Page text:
She was Prince’s muse, a former member of President Obama’s Council of Fitness, Sports and Nutrition, inspired a documentary, starred in a Disney film…and so much more. As the first African American female principal dancer at American Ballet Theatre, Misty Copeland is a legend. She broke the ballerina mold and fought for diversity on and off-stage and reached the top of her field. Today, she’s shining worldwide with her virtual ballet Masterclass. It’s no shock that Breitling chose her as one of their spokeswomen for the launch of their first Chronomat Ladies Collection. Below, Copeland opens up about her groundbreaking ballet career, Black Lives Matter, and being a Breitling ambassador.
Life in Motion : An Unlikely Ballerina (Paperback)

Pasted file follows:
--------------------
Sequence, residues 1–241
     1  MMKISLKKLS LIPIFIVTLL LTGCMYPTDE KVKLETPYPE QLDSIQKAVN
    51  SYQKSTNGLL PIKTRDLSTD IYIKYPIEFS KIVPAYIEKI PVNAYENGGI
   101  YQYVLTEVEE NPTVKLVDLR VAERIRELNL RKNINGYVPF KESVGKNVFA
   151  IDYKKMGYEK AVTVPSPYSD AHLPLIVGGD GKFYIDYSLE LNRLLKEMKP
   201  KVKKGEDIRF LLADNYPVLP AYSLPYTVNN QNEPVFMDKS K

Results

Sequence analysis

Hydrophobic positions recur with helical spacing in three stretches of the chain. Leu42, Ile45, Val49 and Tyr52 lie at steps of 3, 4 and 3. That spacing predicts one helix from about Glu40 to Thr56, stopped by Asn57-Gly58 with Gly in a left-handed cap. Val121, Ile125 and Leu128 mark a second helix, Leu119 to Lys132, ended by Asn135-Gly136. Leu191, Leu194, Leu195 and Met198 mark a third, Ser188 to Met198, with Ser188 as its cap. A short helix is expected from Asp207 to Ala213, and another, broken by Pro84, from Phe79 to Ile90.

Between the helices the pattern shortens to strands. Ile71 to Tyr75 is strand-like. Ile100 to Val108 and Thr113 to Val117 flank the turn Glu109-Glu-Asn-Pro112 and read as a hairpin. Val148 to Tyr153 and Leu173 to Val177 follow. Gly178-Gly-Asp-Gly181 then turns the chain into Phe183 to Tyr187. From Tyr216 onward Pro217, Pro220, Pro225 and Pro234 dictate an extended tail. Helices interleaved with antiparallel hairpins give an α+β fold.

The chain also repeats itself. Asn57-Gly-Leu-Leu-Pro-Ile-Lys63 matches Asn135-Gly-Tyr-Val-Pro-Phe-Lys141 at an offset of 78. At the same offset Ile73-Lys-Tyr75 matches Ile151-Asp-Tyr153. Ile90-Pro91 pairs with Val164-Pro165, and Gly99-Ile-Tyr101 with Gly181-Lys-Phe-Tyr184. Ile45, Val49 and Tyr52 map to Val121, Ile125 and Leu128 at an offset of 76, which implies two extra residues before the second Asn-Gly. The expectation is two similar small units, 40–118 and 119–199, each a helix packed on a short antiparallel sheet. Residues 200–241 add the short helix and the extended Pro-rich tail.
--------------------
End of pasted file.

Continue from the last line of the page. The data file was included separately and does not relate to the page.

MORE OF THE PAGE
How did you start dancing?I was around four or five. It was just around the house. My mother was a professional cheerleader for the Kansas City Chiefs football team when she was 19 so she grew up with very minimal training in ballet, jazz, and tap. She would dance around the house a lot. Music and dance were a big part of my household and I don’t mean any formal dancing. This was just dancing to pop music, hip-hop, R&B, and soul. There was a lot of chaos. I was one of six children in a single-parent home, and we moved a lot, often didn’t have a home, often were sleeping in other people’s homes or in motels. Music became this escape for me from the reality of my upbringing.Do you remember the moment when dance became your passion?One of the most powerful moments for me was around the age of seven. Mariah Carey released her debut album. It was a really empowering moment to see a biracial woman who was extremely talented, and I connected with her in a way that I didn’t fully understand until I was an adult. Seeing yourself represented is so important and impactful. Her music motivated me to choreograph, even though I didn’t know that was what I was doing. I started to make up dances to her music, and that was when I started to really get involved and feel like this is a way of expressing myself.What were you like as a little girl? I hated speaking! I was so shy and introverted. Dancing was a way for me to express myself. And that was how I got on track to eventually having ballet in my life, which was when I was 13.What happened next?I auditioned for the dance team at my…